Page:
1. 朱伟,《开春图三号》,水墨设色纸本,121 x 143厘米] 

2. 佚名,宋代,《桃花图》,团扇,水墨设色绢本,24.8 x 2厘米,北京故宫博物院藏。摘自《故宫博物院藏文物珍品大系:晋唐两宋绘画·花鸟走兽》(上海科学技术出版社2004年出版),聂崇正编纂,pl. 49,佚名《碧涛图》 

3. 朱耷(1626-1705),《莲池禽鸟图》,1690年,详情,卷轴,水墨缎本,27.3 x 205.1厘米。大都会艺术博物馆藏,纽约,小John M. Crawford于1988年遗产捐赠。 

4. 李嵩(活跃于公元1190-1230年),《花篮图》,册页,水墨设色绢本,19.1 x 26.5厘米。北京故宫博物院藏。 

5. 朱伟,《乌托邦五十号》,2005年,水墨设色纸本,120 x 103厘米 

6. 赵孟俯(1254-1322),《调良图》,册页,水墨纸本,22.7 x 49厘米。台北故宫博物院藏。摘自国立故宫博物院《画马名品特展图录》(台北:国立故宫博物院1990年出版),p. 33。 

7. 朱伟,《雨夜跑马图三号》,水墨设色纸本,1997年,66 x 66厘米,私人收藏。摘自《朱伟日记》(香港:Plum Blossoms有限公司2000年出版),p. 214。 

8. 朱伟,《雨夜跑马图五号》,水墨设色纸本,1998年,131 x 131厘米,私人收藏。摘自《朱伟日记》(香港:Plum Blossoms有限公司2000年出版),p. 216。 



[1] 陶渊明(365-427),《桃花源记》,James Robert Hightower翻译成英文并注释,选自《陶潜诗作》(The Poetry of T’ao Ch’ien)(牛津:Clarendon出版,1970),pp. 254-256。孔尚任(1648-1718),《桃花扇》,Chen Shih-hsiang与Harold Acton翻译成英文,选自《孔尚任的桃花扇》(The Peach Blossom Fan by K’ung Shang-jen)(伯克利与洛杉矶:加利福尼亚大学出版,1976)。 

[2] 参考朱景玄(约公元9世纪中期)《唐朝名画录》(9世纪40年代前期)妙品上八人, 杜甫对王宰的评价:“十日画一松,五日画一石”. 

[3] 例如万玉堂有限公司出版的《朱伟日记》(香港:万玉堂国际公司出版,2000),新编花营锦阵三号,p. 79,盒子三号,p. 274。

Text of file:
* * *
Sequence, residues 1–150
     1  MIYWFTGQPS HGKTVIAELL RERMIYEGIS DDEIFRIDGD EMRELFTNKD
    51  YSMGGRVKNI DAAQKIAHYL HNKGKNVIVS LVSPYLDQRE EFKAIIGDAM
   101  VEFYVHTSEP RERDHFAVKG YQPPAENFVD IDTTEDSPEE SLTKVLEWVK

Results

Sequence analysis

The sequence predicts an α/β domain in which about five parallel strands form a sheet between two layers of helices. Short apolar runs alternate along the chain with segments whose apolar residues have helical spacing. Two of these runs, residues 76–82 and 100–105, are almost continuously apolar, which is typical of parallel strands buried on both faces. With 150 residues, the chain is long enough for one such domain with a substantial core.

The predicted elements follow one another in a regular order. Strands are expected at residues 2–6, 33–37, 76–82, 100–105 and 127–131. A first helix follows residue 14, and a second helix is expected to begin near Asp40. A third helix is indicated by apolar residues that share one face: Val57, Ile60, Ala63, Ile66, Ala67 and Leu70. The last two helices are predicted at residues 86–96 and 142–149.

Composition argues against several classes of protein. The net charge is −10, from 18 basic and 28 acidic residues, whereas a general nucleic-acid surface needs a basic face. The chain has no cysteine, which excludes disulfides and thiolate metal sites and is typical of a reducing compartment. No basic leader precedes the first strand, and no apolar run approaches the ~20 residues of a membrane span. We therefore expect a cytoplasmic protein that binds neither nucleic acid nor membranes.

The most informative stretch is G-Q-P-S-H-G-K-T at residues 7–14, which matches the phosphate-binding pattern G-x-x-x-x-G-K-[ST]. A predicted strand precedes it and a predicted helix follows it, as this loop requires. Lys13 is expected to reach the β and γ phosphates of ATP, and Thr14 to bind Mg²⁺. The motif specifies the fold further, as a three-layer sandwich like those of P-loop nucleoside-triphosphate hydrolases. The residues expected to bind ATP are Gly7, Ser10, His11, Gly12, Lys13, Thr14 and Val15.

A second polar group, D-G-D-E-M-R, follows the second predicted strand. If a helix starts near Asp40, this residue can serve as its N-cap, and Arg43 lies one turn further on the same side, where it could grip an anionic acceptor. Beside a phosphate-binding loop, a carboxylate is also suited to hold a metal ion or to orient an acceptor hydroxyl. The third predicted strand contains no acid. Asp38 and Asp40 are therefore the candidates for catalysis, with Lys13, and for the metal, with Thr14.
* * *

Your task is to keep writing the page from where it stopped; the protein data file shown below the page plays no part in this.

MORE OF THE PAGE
[4] 邓椿《画继》卷十,(收入《画史丛书》第一册,255-356页), 273页。 

[5] Alfreda Murck, "Paintings of Stem Lettuce, Cabbage, and Weeds: Allusions to Tu Fu's Garden", Archives of Asian Art (亚洲艺术档案) 48 (1995), 32-47.  中译: 姜斐德《以莴苣、白菜和野草为画——杜甫菜园的隐喻》《清华美术》, 2005-12. 

[6] 《万水千山二号》, Plum Blossoms Ltd., Zhu Wei Diary (Hong Kong: Plum Blossoms International, 2000), 47页. 

[7] Lou Rui tomb wall painting, detail, Northern Qi (550-577), Shanxi Province Cultural Heritage Research Institute.《北齐东安王娄睿墓》 (北京:文物出版社,2006), 32彩色图.

首次刊发于香港Plum Blossoms国际有限公司2008年出版《朱伟水墨册页 1998-2008》,第26-36页



姜斐德,普林斯顿大学中国艺术与美学博士,专攻中国绘画史。1979-1991年,任职于纽约大都会艺术博物馆亚洲艺术部,1991年后与丈夫Christian Murck迁居至台北和北京。曾多次发表有关中国艺术的文章,并著述关于十一世纪文人在绘画中以诗表达怨意的书籍《宋代绘画与诗歌:委婉的抱怨方式》(哈佛大学出版社2000年出版)。目前任中央美术学院主讲教师,故宫博物院古代书画研究中心研究员,以及故宫博物院资料信息中心顾问。